Ka-Bar BK14 Knife Scales Pt 2

I used my Ka-Bar BK 14 a little bit and thought about how I wanted to color the scales.  I thought staining them might look good.  To test the stains, I prepared some small blocks of the same Water Oak I used on the scales.  I looked through the stains I had and picked a couple that I thought would look good.  Here’s a pic of the stained test pieces.

In the end, I really didn’t like any of the stains.  It didn’t darken the wood the way I was hoping it would so I decided to go with a simple Boiled Linseed Oil finish.  It’s easy to apply and renewable in case I need to touch the finish up later.

While I was using the knife, I went to put it into the sheath and noticed that scales were too long in the front.  As a result, the knife wouldn’t fully seat in the sheath and wasn’t retained as tightly as it would normally be.  In retrospect, this is something obvious I should have checked but I managed to overlook it.  Oops!  Here’s a picture of the knife in the sheath showing where the scales were contacting.

Here’s a pic to compare with the one below to show how I changed the front of the scales.

To fix this problem, I removed the scales again and sanded then down to make them 1/8 inch shorter.  Once I checked to make sure they no longer hit the sheath, I rounded the edges over to smooth it all out.  When I was happy with the overall shape of the scales, I sanded them to 240 grit and put a couple coats of Boiled Linseed Oil on them.  Here’s how they came out.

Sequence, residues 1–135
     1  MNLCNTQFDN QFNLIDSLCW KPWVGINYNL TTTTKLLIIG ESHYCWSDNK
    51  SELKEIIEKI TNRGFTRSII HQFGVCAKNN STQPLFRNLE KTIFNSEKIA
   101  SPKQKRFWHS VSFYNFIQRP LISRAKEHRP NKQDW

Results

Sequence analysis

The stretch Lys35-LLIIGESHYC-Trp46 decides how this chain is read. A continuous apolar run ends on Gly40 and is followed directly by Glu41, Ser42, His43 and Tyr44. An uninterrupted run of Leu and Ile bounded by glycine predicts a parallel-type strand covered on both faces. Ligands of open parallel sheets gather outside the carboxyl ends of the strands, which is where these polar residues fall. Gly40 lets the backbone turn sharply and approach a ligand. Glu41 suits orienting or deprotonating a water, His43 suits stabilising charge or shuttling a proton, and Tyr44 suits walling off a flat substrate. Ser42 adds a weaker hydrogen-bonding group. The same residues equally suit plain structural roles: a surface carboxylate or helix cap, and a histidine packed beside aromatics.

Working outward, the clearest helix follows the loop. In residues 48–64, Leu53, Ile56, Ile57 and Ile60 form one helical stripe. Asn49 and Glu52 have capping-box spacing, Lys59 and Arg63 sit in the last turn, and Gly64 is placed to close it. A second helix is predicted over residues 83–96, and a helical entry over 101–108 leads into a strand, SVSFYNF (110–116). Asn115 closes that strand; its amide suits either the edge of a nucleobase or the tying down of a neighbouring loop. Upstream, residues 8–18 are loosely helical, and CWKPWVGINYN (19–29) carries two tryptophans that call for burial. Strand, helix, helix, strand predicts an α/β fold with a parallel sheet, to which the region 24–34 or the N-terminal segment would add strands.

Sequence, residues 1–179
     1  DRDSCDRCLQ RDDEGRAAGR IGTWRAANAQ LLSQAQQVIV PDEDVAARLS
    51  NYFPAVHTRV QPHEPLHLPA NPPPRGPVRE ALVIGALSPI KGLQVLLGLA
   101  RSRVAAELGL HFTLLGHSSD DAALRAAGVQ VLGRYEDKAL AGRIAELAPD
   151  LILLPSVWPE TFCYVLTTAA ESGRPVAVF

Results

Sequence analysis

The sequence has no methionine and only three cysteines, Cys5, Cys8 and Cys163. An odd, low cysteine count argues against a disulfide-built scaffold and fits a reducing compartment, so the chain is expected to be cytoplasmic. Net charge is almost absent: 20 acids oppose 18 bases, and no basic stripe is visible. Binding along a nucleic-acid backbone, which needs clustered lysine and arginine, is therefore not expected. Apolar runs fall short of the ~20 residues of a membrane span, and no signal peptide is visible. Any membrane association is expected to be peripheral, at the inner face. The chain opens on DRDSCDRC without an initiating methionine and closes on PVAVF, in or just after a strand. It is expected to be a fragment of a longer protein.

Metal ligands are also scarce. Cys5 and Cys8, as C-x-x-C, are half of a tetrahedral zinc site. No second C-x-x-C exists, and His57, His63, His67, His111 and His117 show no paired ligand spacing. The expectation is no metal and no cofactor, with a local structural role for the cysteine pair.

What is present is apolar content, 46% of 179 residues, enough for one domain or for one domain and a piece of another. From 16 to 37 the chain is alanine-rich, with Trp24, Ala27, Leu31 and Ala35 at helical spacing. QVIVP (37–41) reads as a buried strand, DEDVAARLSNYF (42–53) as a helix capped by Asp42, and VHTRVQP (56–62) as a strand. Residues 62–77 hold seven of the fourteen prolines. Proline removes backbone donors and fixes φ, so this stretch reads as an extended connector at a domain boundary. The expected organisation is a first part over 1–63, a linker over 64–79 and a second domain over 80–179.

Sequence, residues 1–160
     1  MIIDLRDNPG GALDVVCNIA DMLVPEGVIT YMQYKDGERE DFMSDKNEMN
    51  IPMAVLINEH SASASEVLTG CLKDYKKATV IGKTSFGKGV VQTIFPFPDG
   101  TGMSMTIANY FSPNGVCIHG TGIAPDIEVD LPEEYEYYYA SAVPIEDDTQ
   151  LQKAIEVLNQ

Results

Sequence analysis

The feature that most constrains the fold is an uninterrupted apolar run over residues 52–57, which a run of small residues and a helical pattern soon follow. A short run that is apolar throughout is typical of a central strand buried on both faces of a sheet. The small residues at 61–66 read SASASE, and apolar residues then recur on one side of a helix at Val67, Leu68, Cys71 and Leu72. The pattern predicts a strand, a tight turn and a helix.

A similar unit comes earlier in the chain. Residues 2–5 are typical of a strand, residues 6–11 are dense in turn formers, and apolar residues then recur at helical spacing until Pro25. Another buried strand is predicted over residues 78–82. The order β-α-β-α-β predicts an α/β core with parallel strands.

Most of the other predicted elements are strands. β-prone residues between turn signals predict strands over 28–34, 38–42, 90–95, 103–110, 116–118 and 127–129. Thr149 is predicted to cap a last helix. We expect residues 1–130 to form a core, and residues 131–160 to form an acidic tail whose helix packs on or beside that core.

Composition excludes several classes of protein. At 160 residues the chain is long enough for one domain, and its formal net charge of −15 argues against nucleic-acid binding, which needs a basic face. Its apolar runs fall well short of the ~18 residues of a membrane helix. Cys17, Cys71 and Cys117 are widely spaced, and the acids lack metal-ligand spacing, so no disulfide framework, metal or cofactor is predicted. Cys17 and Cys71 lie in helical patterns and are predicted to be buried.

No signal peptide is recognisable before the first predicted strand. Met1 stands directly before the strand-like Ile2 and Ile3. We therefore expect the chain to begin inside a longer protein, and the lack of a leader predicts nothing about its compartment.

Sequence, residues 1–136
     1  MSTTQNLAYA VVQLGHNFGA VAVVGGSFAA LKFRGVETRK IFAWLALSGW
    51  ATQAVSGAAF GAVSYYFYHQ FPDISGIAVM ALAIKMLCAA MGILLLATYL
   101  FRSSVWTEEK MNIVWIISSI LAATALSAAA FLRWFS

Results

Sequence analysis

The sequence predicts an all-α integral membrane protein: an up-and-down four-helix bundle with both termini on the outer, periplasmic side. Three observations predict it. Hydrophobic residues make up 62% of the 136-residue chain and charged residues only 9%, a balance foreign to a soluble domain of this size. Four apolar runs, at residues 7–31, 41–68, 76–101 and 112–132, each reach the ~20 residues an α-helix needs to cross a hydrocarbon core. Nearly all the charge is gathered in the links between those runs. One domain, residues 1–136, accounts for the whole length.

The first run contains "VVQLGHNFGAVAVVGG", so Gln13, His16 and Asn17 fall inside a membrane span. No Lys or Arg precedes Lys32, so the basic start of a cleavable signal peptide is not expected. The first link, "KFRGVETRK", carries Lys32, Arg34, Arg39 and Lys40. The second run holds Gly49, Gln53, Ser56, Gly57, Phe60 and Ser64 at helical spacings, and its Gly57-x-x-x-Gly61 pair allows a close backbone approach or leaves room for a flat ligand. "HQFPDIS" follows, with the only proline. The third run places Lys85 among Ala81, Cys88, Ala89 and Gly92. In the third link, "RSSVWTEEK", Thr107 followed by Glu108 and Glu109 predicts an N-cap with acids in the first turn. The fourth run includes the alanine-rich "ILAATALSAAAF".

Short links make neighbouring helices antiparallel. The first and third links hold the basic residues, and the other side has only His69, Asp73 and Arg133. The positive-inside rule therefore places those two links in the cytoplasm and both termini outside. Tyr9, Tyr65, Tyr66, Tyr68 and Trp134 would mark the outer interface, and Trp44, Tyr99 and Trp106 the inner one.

I had considered stripping the coating on the knife, but at this point I’m going to leave it alone.  I’m curious to see how well it holds up over time.  I think this simple project came out well and helped improve the usability of the knife for me.   I think that anyone could successfully accomplish this project with a little bit of time and effort.  Customizing knives is fun.  So, you might see some more of this kinda stuff.  Ka-Bar has some other cool and historic knives that I have my eyes on.  Just don’t tell the wife!

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